Could I really be thankful...I just might

I am thankful for diabetes.

Yes, you read it right.  I am.

Even though we've been having good times and bad times lately (most of those bad times are at school...go flippin figure).....  I'm still thankful.

And I'll tell you why...

But first, I've got to say that it's not easy for me to say that.  In fact, I struggle with it quite a bit.  It's really HARD for me to come to terms with being thankful for D.... because of Miss M.

It's hard for me to say that I'm thankful for a disease that brings her so much pain and frustration and anger.

It's hard to me to say that I'm thankful for a disease that she will live with forever.  Without EVER getting a break.

It's hard for me to say that I'm thankful for a disease that could cause her horrible complications.

It's hard for me to say that I'm thankful for a disease that could take her life.  Not in years.  Not when she's old and gray.  But right now.

It's hard for me to say it.  Because I don't always feel it.  In fact, I HATE diabetes some of the time.  I hate what it does to her.  I hate what it can do to her.   

In a way, I feel guilty for saying I'm thankful for diabetes because I'm not the one living with the disease in my body. 

Being thankful for diabetes forces me to be able to hold conflicting feelings, polar opposites, in fact, in my head at the same time.  I hate this disease. I hate what it does to Miss M and I hate what it's taken from her and from us. And yet, I am also thankful for the lessons it's taught us and the things it's brought into our lives.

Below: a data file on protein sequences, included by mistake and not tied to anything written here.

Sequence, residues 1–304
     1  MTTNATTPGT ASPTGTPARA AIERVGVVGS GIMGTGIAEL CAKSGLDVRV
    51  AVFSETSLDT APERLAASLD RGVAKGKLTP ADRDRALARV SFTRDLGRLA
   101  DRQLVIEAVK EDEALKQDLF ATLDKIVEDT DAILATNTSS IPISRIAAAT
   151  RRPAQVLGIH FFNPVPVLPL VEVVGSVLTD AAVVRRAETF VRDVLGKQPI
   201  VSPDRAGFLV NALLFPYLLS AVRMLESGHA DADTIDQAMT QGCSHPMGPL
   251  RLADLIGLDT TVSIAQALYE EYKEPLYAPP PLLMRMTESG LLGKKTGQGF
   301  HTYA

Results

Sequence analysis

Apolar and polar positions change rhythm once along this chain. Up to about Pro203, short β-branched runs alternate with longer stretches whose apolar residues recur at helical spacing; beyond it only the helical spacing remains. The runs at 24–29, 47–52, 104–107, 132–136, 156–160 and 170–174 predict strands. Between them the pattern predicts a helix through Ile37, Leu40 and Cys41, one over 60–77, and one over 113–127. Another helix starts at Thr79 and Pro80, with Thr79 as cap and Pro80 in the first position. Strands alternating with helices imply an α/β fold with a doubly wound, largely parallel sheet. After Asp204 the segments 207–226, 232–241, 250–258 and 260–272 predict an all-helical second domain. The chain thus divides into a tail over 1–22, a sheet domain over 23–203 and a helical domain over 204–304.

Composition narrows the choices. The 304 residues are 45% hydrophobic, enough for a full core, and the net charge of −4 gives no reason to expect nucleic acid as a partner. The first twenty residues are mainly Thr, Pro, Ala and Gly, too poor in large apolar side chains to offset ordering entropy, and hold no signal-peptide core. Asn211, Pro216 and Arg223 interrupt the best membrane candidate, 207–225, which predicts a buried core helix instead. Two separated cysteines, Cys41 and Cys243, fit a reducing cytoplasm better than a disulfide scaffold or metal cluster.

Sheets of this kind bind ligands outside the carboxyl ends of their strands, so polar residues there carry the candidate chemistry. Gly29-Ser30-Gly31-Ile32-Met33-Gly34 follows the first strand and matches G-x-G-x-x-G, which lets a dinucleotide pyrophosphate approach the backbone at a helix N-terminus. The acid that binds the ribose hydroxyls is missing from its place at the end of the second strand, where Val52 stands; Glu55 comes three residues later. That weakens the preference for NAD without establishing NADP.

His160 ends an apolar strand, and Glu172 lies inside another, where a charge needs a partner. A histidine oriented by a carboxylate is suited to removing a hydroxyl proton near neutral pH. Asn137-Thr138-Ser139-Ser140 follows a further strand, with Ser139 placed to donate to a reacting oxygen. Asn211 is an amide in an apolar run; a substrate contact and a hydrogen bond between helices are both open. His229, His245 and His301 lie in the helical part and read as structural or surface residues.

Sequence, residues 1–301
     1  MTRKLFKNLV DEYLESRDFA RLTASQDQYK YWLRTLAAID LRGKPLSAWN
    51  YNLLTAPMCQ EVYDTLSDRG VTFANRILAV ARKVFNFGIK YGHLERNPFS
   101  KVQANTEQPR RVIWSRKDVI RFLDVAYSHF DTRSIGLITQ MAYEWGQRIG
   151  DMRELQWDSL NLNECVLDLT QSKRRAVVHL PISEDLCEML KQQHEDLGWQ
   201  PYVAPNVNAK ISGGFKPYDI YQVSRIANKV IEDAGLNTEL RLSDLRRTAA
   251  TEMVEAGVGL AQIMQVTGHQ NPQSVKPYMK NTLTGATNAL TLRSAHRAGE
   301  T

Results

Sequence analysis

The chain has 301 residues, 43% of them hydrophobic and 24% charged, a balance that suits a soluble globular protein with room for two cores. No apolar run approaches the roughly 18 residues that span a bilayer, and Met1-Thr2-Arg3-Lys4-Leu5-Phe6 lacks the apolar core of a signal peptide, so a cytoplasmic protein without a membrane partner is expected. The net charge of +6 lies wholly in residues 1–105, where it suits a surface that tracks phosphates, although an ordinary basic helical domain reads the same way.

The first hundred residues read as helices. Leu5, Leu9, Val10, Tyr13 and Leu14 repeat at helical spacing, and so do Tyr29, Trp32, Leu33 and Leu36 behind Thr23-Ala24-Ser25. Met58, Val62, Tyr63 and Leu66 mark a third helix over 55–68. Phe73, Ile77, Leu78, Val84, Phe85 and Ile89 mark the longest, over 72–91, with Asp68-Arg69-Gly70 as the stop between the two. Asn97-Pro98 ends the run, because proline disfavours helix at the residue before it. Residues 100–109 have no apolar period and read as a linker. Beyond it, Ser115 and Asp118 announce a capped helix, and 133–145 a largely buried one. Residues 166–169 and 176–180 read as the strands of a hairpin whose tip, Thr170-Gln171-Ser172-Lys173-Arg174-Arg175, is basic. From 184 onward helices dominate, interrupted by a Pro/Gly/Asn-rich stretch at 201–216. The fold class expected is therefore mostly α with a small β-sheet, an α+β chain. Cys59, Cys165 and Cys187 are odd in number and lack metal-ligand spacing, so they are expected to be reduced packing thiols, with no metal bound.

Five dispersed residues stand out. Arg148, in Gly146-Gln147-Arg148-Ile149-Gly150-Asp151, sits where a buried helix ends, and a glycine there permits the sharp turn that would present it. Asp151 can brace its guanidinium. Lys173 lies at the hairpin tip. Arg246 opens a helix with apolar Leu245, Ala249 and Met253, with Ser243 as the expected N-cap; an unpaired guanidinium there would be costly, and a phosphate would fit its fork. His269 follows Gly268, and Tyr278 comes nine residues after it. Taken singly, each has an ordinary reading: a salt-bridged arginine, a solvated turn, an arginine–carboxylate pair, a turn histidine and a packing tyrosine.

It would be so much easier if it was just ME with this crap disease.  It would be so much better if it was ME with the bum pancreas.  If we could keep all the wonderful but spare HER from all the bad.  I wish it WAS me.  I'd give anything to take this disease from her.  (I won't go there - that's another post for another day...)

But it's not me.

And it's not going away.

No matter how much I hate it.  No matter how much I wish it gone. 

Miss M has diabetes.  Nothing can change that.

And that only focusing on the parts of this disease that suck (and oh, boy - there are a lot!) isn't going to get us anywhere.  In fact, it's only going to make us all miserable.  And it's not going to teach her the attitude that I hope she adopts for looking at life in general.

(Side note -   It's not all rainbows and sunshine all the time.  And it's ok to say it.  But it's also not all storm clouds!)

So, the only thing to do is be THANKFUL for the good parts of life with diabetes!

I love the saying that diabetes is the best club that no one ever wanted to join!  It's so true.  None of us asked for this life.  In fact, we would probably all give it back if we could.  But since we can't....

I am so thankful for the incredible people I've met through this disease.  The list is crazy long ! 

I've met so many incredibly supportive people online and most them don't even know me but their words encourage me.   I love being able to go online to facebook or twitter or blogs and read about other people living this crazy life.  I love being able to throw out a question - from how many carbs are in a Kraft Mac and Cheese to HELP! I need tips on keeping bg up when she's puking!  I love the support and love I've found.  I love knowing that I'm not alone.  And Miss M is not alone.